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BMC Medicine

, 15:24

Medicine and the Future of Health

Abstract

BackgroundThe prevalence of non-communicable diseases NCDs is increasing in sub-Saharan Africa. At the same time, the use of mobile phones is rising, expanding the opportunities for the implementation of mobile phone-based health mHealth interventions. This review aims to understand how, why, for whom, and in what circumstances mHealth interventions against NCDs improve treatment and care in sub-Saharan Africa.

MethodsFour main databases PubMed, Cochrane Library, Web of Science, and Google Scholar and references of included articles were searched for studies reporting effects of mHealth interventions on patients with NCDs in sub-Saharan Africa. All studies published up until May 2015 were included in the review. Following a realist review approach, middle-range theories were identified and integrated into a Framework for Understanding the Contribution of mHealth Interventions to Improved Access to Care for patients with NCDs in sub-Saharan Africa. The main indicators of the framework consist of predisposing characteristics, needs, enabling resources, perceived usefulness, and perceived ease of use. Studies were analyzed in depth to populate the framework.

ResultsThe search identified 6137 titles for screening, of which 20 were retained for the realist synthesis. The contribution of mHealth interventions to improved treatment and care is that they facilitate remote access to previously unavailable specialized services. Three contextual factors predisposing characteristics, needs, and enabling resources influence if patients and providers believe that mHealth interventions are useful and easy to use. Only if they believe mHealth to be useful and easy to use, will mHealth ultimately contribute to improved access to care. The analysis of included studies showed that the most important predisposing characteristics are a positive attitude and a common language of communication. The most relevant needs are a high burden of disease and a lack of capacity of first-contact providers. Essential enabling resources are the availability of a stable communications network, accessible maintenance services, and regulatory policies.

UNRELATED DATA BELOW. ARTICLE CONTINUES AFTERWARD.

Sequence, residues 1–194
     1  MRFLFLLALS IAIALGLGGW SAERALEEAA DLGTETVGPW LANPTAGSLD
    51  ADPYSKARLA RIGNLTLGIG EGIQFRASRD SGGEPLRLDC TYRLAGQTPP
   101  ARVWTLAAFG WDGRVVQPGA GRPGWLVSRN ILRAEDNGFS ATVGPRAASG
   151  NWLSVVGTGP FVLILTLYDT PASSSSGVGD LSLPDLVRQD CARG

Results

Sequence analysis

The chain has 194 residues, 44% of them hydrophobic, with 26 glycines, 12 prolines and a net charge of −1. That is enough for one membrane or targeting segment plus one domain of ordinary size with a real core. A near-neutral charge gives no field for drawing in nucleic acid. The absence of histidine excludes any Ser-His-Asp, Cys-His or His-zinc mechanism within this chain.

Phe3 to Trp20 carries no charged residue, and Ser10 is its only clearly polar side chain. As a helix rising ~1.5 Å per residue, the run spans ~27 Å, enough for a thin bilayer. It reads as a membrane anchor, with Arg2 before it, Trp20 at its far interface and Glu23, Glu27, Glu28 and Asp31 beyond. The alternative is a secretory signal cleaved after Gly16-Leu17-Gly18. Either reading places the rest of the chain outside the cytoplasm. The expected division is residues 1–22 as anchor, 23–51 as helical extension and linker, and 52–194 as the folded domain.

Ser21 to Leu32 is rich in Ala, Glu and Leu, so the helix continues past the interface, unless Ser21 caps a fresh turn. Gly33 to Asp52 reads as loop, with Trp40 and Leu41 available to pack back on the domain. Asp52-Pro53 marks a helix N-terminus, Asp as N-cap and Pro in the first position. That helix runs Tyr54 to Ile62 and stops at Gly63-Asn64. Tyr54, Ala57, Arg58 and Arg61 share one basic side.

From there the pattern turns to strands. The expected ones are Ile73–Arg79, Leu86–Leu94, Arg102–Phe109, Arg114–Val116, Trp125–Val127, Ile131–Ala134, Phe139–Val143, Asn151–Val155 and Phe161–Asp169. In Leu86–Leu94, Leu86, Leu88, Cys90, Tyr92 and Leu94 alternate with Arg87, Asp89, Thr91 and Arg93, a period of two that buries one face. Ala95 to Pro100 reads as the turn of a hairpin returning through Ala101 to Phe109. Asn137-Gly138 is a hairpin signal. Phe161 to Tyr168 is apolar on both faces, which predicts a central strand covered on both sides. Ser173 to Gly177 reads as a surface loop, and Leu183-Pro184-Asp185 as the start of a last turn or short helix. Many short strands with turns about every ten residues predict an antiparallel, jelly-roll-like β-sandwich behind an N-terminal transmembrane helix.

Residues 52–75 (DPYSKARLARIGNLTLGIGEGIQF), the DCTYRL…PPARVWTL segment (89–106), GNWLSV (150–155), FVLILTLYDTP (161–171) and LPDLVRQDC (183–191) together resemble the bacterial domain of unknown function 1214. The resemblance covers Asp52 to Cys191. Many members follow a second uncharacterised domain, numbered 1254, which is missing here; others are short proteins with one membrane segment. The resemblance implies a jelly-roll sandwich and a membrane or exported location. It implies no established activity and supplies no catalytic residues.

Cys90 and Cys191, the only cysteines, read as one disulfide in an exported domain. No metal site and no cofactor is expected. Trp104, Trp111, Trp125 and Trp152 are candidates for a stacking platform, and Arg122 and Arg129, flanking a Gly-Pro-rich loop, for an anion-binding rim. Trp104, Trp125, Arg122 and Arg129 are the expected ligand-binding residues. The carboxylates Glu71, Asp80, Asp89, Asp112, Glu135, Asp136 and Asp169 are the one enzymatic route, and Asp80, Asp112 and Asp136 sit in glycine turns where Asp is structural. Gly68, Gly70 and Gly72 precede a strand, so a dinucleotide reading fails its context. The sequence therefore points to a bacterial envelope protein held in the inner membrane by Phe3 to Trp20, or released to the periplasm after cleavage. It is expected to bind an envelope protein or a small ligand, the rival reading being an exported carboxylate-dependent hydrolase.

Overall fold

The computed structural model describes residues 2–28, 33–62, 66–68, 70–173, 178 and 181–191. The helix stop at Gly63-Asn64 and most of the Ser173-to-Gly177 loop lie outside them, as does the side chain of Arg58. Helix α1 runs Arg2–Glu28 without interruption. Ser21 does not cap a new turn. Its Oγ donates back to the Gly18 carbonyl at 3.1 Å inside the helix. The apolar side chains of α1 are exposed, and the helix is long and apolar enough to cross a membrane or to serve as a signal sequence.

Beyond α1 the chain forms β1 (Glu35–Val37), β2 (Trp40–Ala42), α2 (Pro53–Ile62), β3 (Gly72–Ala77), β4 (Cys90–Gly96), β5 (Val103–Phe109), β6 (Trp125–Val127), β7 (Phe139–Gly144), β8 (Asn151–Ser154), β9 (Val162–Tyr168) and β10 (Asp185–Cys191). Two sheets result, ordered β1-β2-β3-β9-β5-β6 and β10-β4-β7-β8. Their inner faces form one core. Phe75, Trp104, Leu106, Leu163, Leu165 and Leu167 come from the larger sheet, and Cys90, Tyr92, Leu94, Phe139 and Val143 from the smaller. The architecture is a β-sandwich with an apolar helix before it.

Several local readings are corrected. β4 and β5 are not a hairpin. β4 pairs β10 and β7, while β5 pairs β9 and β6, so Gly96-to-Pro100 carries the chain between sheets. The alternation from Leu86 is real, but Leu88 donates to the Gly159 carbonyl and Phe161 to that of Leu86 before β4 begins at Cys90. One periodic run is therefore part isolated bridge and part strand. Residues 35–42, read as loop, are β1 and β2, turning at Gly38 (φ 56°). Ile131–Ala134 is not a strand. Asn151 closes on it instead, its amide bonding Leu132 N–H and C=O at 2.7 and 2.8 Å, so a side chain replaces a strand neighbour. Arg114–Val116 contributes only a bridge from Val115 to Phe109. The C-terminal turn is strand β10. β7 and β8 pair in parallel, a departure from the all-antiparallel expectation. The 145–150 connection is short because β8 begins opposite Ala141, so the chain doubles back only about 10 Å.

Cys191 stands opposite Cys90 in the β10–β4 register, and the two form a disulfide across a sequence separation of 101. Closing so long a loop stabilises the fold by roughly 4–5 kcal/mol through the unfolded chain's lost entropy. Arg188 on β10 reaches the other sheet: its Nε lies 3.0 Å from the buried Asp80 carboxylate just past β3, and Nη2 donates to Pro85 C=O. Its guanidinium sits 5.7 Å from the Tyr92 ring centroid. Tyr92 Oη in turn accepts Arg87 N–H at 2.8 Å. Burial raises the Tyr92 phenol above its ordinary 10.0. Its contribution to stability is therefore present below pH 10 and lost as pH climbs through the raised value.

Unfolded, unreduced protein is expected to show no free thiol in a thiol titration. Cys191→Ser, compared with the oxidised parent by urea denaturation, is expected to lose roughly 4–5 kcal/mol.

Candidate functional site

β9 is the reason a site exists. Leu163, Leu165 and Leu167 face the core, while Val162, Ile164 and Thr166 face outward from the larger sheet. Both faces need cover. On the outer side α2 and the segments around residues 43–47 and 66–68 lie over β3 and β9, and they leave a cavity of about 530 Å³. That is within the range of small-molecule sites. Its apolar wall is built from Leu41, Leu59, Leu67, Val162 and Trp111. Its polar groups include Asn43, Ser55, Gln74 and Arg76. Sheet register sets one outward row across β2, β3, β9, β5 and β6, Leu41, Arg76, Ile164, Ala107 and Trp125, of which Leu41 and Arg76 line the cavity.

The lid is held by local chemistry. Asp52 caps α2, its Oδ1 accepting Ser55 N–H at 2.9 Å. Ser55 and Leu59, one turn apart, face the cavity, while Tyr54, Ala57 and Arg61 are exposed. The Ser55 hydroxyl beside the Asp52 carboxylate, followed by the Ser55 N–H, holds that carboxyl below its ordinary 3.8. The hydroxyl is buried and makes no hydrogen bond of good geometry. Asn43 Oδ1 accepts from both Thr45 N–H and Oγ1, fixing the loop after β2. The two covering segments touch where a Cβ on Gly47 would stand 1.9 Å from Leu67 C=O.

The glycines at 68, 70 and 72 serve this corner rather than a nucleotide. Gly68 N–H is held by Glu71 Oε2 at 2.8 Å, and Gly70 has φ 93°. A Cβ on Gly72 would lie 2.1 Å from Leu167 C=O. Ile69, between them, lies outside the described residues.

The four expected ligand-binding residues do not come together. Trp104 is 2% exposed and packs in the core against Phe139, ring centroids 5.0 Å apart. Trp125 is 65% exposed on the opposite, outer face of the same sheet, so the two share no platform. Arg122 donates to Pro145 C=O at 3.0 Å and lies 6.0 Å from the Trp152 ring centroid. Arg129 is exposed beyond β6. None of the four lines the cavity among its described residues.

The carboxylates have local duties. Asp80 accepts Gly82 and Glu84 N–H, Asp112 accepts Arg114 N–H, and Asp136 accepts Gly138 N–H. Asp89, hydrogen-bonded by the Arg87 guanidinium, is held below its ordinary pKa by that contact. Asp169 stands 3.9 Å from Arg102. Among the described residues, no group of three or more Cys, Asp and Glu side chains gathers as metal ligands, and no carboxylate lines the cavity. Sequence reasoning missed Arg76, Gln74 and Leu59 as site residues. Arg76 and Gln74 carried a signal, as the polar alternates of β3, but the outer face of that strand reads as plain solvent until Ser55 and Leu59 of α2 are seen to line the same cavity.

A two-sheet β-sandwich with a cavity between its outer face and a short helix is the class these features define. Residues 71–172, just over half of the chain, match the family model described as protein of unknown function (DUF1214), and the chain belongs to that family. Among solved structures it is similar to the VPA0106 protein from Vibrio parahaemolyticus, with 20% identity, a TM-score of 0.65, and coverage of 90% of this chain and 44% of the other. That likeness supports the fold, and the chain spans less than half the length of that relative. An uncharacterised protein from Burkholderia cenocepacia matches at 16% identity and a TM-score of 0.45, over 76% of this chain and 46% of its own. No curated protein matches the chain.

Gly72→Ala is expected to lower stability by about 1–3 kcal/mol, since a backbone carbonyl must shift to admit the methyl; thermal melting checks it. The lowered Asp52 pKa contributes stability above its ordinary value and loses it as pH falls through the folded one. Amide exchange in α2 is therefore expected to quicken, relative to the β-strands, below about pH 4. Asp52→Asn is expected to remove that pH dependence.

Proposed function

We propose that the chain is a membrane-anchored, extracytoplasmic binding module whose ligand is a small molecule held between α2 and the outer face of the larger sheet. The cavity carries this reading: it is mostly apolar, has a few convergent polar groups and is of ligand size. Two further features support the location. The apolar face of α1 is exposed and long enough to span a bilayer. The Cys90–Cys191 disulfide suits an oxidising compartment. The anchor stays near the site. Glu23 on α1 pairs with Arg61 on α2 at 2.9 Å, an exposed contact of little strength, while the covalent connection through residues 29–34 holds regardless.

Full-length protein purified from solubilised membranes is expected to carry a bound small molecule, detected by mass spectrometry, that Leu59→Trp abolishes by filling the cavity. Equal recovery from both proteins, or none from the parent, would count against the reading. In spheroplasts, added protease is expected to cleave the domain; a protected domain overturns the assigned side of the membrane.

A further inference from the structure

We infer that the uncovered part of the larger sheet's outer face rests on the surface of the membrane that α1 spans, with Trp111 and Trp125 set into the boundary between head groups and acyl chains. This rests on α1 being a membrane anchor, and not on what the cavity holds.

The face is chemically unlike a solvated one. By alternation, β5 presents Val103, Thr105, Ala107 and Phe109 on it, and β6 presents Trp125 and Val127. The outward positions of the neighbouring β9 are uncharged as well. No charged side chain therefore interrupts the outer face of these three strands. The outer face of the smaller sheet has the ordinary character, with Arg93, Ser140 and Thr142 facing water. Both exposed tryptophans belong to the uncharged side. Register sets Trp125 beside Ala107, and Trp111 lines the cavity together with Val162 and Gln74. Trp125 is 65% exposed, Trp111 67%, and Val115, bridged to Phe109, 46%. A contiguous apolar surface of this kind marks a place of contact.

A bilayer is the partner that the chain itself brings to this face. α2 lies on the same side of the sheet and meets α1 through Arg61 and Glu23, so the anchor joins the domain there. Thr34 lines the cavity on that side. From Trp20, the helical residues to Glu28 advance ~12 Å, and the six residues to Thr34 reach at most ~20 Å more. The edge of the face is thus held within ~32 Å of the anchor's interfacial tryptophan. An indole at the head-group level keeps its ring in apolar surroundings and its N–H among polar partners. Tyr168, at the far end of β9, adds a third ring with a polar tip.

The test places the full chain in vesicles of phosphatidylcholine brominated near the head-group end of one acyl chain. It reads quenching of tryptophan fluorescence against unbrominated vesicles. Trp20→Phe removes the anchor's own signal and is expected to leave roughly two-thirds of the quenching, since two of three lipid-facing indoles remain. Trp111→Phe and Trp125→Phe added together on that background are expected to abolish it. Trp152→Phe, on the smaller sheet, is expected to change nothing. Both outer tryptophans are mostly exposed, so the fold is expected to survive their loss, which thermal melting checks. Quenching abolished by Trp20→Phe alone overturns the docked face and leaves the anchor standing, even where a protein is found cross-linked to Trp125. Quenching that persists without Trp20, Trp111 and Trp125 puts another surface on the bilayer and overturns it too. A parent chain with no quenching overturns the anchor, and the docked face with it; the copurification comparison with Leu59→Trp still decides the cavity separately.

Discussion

ConclusionsPolicy makers and program managers should consider predisposing characteristics and needs of patients and providers as well as the necessary enabling resources prior to the introduction of an mHealth intervention. Researchers would benefit from placing greater attention on the context in which mHealth interventions are being implemented instead of focusing too strongly on the technical aspects of these interventions.

KeywordsmHealth Mobile phone Non-communicable diseases Chronic diseases Sub-Saharan Africa Realist review Health policy AbbreviationsC-M-OContext-Mechanism-Outcome

mHealthmobile phone-based health

NCDnon-communicable disease

SSAsub-Saharan Africa

WHOWorld Health Organization

Electronic supplementary materialThe online version of this article doi:10.1186-s12916-017-0782-z contains supplementary material, which is available to authorized users.





Autor: Daniel Opoku - Victor Stephani - Wilm Quentin

Fuente: https://link.springer.com/







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